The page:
Blue Jays Expect Saunders to Return by Mid-April
Cue a collective sigh of relief. Michael Saunders’ injury timeline has been pushed forward by about three months. He will likely be back by mid-April and, best case scenario, might only miss a few games or maybe even none at all. Initially, the depressing prognosis had the new Blue Jays left fielder out until the All Star break. While some were panicking out of proportion with that news, there was a general sense of here-we-go-again; we’re back behind the 8-ball.
Admittedly, it put a large hole in an already questionable outfield. Saunders wasn’t only the left fielder, he was a guy who could take up the reins in centre if Pompey faltered. People scrambled looking for the best in-house replacements, trade possibilities and even the rumour of Dayan Viciedo took shape. Thankfully all that, especially the Viciedo thing, is now moot.
With Saunders only being out 3-12 games, there is no point looking outside the organization for a place holder. The Jays will likely look to Kevin Pillar and Chris Dickerson to cover the few games that Saunders’ will miss. When Saunders returns, either Pillar will be sent down or Dickerson will put on waivers. If both Pillar and Dickerson aren’t performing well enough for a 4th outfielder role, perhaps Andy Dirks will be ready by then.
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There is, of course, the concern that after seemingly overestimating, the Blue Jays are now underestimating his recovery time. Rehab timing stated by the club has been inconsistent and inaccurate with other players in the past. However, a return to competition after a partial meniscectomy in 5-6 weeks is consistent with medical literature. The Jays were originally assuming that Saunders would undergo meniscal repair. A return to competition in that scenario is usually 5-6 months, so the Jays were actually underestimating based on the information they originally had. In a strange way, the Jays were lucky that Saunders’ injury was more severe than they believed. One could argue that Jays should have just not said anything about recovery time until the surgeon actually got in there and realized that a meniscectomy was necessary. But hey, it’s always better to under-promise and over-deliver.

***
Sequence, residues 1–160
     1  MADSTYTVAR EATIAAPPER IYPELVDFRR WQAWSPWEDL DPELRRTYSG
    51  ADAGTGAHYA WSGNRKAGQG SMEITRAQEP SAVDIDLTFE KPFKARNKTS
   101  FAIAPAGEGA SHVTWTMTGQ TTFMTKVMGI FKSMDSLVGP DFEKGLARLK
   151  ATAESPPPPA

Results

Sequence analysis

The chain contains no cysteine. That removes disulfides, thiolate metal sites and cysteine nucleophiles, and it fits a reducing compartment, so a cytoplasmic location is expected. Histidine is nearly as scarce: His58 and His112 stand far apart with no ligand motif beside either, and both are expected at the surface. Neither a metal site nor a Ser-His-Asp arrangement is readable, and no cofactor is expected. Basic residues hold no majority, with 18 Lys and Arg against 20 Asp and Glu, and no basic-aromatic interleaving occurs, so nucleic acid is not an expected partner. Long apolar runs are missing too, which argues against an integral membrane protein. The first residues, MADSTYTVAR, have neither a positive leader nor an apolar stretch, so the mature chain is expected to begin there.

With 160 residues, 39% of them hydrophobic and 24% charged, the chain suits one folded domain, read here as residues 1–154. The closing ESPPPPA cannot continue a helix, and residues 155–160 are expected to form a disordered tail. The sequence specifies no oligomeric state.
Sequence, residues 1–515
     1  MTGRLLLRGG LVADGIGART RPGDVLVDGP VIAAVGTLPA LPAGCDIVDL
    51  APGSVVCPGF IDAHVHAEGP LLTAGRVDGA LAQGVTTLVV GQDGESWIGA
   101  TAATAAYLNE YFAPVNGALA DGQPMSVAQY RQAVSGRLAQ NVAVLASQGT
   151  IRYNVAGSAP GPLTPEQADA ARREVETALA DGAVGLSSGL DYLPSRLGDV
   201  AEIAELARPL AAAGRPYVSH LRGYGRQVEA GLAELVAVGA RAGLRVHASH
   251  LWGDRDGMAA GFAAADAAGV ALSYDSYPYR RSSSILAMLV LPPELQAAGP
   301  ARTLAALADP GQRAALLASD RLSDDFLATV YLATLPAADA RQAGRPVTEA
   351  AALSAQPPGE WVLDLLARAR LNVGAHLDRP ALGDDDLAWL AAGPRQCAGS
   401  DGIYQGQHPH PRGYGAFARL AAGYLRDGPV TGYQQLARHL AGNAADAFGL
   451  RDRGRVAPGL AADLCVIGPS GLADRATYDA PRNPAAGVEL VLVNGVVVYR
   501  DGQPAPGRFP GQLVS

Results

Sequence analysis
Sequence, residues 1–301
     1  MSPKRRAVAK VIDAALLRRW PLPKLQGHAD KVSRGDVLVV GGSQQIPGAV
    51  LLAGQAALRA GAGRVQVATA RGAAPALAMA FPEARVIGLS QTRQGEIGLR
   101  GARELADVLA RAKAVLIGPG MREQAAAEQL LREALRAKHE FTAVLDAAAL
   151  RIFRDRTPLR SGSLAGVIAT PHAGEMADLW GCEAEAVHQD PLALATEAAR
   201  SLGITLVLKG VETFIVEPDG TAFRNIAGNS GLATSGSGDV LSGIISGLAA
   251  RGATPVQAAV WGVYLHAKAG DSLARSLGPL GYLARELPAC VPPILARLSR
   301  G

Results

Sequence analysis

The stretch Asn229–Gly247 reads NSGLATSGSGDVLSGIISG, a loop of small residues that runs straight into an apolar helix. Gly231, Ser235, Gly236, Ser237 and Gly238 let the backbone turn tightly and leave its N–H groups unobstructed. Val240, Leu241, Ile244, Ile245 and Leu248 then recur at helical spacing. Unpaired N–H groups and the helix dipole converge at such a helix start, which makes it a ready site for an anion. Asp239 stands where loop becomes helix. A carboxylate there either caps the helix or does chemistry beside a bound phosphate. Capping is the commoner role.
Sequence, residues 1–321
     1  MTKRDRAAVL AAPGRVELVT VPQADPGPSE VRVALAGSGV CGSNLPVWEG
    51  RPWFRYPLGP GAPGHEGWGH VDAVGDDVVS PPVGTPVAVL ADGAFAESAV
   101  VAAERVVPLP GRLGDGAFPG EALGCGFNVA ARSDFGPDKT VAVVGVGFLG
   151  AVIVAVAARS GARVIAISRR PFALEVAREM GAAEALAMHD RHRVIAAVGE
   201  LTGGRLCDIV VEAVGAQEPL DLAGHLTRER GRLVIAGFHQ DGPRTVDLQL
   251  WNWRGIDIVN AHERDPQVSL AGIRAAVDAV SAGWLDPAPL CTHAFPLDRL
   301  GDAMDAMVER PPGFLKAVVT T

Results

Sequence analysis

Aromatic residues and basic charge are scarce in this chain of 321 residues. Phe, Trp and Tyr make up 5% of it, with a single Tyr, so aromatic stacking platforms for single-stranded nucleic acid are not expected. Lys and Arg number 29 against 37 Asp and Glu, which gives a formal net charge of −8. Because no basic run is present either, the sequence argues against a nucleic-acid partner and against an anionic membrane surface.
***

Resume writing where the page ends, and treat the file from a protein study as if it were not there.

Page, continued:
The other issue is how the removal of part of Saunders’ meniscus will affect him long term. There’s no doubt that a meniscal repair would have been better for Saunders long term but were talking likely 8 years down the road. 8 years after partial meniscectomies “62% of the patients rated their knees as excellent or good” and athletes can usually continue participation in sports for 10-15 years after the procedure. So probably at the end of Saunders’ playing career, he’ll be dealing with knee pain of some degree but that’s a long way down the road. After his career, arthritis could eventually be an issue. Of course all of this is dependant on exactly what the details of the injury were (which the public is not privy to).
(This video shows the type of injury and procedure similar to what Saunders underwent)
Will he be the same player in the short term? Brief answer, yes. Long answer: “Early after surgery, 92% of patients had excellent or good results, in terms of knee pain, swelling, ROM, squatting.” It’s important to understand that the purpose of the menisci of the knee is shock absorption. The stability, strength and range of motion of the knee joint are due to other structures—which in Saunders are healthy. After the rehab period, Saunders should be able to perform up to or beyond pre-injury levels. Saunders’ return to play will be dictated by his quadriceps muscle strength more than anything else. Beyond that, it’s mainly a matter of pain tolerance. Athletes generally return to competition when the quad in the injured limb has 90% strength compared to the uninjured limb. That usually occurs in 5-8 weeks. Again, everyone’s different and we don’t know the exact details but this is generally the path that rehabilitation of this procedure takes.
To sum up, whew…quite a scare but Saunders will be fine and so will the team. Knock on wood.